Turbulence, warnings before PIA plane crash
KARACHI: When the plane jolted violently, Mohammad Zubair thought it was turbulence. Then the pilot came on the intercom to warn that the landing could be “troublesome.”
Moments later, the Pakistan International Airlines flight crashed into a crowded neighborhood near Karachi’s international airport, killing 97 people, all of whom are believed to be passengers and crew members. Zubair was one of just two surviving passengers.
Civil Aviation Authority spokesman Abdul Sattar Kokhar said the Airbus A320 was carrying 91 passengers and eight crew members. The only other survivor of the crash was Zafar Masood, a bank executive.
In a telephone interview from his hospital bed, Zubair, a mechanical engineer, said flight PK8303 had taken off on time from the eastern city of Lahore at 1 p.m. It was a smooth, uneventful flight until the aircraft began its descent near Karachi shortly before 3 p.m.
“Suddenly the plane jerked violently, once and then again,” said Zubair. The aircraft turned and the pilot’s voice came over the intercom. They were experiencing engine trouble and the landing could be “troublesome,” the pilot said. That was the last thing Zubair remembered until he woke up in a scene of chaos.
“I saw so much smoke and fire. I heard people crying, children crying.”
He crawled his way out of the smoke and rubble, and was eventually pulled from the ground and rushed into an ambulance.
Between the coronavirus pandemic and the plane crash, this year has been a “catastrophe,” he said.
“What is most unfortunate and sad is whole families have died, whole families who were travelling together for the Eid holiday,” he told The Associated Press.
Social media and local news reports said Zara Abid, an actor and an award-winning model, was among those killed. A senior banker, his wife and three young children were also reportedly killed. Shabaz Hussein, whose mother died in the crash, told The Associated Press he identified her body at a local hospital and was waiting to take it away for burial.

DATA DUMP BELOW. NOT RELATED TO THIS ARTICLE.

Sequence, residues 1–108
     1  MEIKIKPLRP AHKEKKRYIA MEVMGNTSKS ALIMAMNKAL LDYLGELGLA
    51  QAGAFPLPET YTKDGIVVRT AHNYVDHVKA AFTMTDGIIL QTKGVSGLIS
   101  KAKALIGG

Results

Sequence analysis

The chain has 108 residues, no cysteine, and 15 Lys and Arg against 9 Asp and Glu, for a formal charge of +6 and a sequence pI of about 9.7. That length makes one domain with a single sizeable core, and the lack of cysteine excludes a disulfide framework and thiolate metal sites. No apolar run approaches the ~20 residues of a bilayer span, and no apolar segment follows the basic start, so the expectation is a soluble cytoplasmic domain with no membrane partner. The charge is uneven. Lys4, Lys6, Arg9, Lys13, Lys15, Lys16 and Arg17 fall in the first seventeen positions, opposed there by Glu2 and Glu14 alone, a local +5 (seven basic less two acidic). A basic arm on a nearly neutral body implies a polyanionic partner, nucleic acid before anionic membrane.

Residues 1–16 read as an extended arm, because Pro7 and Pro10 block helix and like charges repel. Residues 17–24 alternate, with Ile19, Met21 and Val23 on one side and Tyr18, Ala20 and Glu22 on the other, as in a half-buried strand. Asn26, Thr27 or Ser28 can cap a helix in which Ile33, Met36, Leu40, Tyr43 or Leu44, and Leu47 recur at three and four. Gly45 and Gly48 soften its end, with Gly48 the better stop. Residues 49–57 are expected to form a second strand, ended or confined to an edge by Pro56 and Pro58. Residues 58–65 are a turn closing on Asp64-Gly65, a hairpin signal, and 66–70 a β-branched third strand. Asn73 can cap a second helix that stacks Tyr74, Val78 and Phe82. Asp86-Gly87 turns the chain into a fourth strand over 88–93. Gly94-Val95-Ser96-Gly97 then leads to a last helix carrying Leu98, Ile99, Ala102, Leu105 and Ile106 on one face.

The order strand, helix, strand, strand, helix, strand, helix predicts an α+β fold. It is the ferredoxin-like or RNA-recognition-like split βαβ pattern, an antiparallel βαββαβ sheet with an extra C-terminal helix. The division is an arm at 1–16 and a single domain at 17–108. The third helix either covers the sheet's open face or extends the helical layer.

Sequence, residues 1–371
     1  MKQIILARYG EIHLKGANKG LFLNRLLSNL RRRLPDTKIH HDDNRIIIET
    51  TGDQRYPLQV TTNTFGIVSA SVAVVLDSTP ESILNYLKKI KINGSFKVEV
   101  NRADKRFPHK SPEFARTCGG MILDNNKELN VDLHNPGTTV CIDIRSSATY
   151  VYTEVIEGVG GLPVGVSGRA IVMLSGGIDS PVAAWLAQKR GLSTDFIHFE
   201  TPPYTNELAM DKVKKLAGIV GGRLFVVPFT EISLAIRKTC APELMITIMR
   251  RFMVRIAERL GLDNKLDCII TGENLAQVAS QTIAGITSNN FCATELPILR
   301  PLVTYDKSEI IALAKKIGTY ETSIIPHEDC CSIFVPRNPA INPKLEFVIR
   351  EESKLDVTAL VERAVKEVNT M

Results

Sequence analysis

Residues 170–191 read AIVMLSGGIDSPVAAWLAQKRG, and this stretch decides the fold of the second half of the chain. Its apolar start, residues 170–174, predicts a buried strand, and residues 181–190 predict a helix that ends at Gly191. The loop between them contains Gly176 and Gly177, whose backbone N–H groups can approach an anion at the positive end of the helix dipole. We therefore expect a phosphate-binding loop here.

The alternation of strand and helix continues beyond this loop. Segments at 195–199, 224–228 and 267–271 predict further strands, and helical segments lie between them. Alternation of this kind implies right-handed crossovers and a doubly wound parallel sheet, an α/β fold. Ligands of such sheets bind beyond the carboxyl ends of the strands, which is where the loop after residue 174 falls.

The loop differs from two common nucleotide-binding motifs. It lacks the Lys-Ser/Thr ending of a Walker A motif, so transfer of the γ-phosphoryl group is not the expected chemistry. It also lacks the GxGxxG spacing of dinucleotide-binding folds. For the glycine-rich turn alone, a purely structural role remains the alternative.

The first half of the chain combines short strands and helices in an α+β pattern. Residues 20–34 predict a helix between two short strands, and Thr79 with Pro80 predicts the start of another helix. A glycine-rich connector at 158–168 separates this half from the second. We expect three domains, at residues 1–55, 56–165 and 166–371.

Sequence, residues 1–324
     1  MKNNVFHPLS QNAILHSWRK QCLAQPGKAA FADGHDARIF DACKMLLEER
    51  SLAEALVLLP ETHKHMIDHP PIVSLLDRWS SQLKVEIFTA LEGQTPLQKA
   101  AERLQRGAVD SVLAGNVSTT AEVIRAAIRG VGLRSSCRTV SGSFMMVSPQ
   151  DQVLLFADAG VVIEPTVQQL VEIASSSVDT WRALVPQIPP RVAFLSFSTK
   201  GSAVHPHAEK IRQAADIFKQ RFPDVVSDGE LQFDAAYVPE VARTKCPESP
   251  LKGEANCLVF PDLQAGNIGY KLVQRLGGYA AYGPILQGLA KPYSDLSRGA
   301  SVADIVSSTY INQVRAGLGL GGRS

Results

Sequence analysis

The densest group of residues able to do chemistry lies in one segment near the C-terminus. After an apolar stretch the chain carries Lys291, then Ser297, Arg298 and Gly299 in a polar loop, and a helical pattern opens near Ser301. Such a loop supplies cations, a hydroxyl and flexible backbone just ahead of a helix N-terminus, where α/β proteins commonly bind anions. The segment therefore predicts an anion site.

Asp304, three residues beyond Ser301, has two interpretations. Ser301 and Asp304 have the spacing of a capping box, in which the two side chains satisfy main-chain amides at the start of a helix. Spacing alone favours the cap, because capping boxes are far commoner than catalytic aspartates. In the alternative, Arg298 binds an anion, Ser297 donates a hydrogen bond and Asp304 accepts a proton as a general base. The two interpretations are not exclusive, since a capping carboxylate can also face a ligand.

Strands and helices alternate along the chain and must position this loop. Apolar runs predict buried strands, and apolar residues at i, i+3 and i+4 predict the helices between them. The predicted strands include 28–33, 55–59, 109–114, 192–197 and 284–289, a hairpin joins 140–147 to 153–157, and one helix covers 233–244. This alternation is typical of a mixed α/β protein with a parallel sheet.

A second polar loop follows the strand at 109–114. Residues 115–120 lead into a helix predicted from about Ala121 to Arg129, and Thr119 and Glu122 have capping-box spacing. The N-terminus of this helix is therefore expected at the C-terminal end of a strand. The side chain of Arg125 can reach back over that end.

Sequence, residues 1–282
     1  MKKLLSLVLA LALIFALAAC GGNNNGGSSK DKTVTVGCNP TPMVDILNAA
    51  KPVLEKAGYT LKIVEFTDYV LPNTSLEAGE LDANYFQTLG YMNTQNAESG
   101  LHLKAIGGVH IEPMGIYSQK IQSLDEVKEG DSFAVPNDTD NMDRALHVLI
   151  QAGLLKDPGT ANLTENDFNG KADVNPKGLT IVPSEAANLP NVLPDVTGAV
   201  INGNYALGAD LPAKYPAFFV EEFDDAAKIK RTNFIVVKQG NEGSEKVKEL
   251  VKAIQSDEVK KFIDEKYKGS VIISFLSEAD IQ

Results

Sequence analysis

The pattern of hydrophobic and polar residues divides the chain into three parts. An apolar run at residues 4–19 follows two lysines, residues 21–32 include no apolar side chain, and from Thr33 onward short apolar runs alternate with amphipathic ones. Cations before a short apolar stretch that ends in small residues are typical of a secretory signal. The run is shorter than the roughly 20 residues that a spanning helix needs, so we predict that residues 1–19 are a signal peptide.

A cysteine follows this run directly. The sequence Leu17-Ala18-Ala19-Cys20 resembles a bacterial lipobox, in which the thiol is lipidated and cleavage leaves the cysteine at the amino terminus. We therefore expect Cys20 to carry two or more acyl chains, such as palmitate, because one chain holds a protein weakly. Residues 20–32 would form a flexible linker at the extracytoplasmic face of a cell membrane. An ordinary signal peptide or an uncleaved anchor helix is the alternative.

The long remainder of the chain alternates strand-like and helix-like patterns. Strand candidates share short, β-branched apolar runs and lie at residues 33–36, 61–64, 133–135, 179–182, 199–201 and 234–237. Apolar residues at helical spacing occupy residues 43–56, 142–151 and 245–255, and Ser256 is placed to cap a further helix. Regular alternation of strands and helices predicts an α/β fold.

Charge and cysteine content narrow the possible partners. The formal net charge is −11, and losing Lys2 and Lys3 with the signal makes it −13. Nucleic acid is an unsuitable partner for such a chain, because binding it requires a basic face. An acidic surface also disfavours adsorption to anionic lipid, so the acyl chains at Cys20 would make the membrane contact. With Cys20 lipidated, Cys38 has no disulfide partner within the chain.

The airliner plowed into the crowded Model Colony neighborhood as many of the men of of the area were gathered at nearby mosques for weekly Friday prayers, perhaps explaining why the number of injured on the ground was just eight, mostly women and children. Only three were still hospitalized, said the Sindh Health Department spokeswoman, and all the residents of the 18 homes that were damaged by the crash were accounted for.
“The men were praying at the nearby mosque, Masjid-e-Bilal, which is 100 meters from where the plane crashed,” said resident Amir Chaudhry, whose sister was injured when the airliner crashed into the neighborhood.
A transmission of the pilot’s final exchange with air traffic control, posted on the website LiveATC.net, indicated he had failed to land and was circling to make another attempt.
“We are proceeding direct, sir — we have lost engine,” the pilot said.
“Confirm your attempt on belly,” the air traffic controller said, offering a runway.
“Sir, mayday, mayday, mayday, mayday Pakistan 8303,” the pilot said before the transmission ended.
Airbus said the plane had logged 47,100 flight hours and 25,860 flights as of Friday. The plane had two CFM56-5B4 engines.
Airbus said it would provide technical assistance to investigators in France and Pakistan, as well as the airline and engine manufacturers. – AP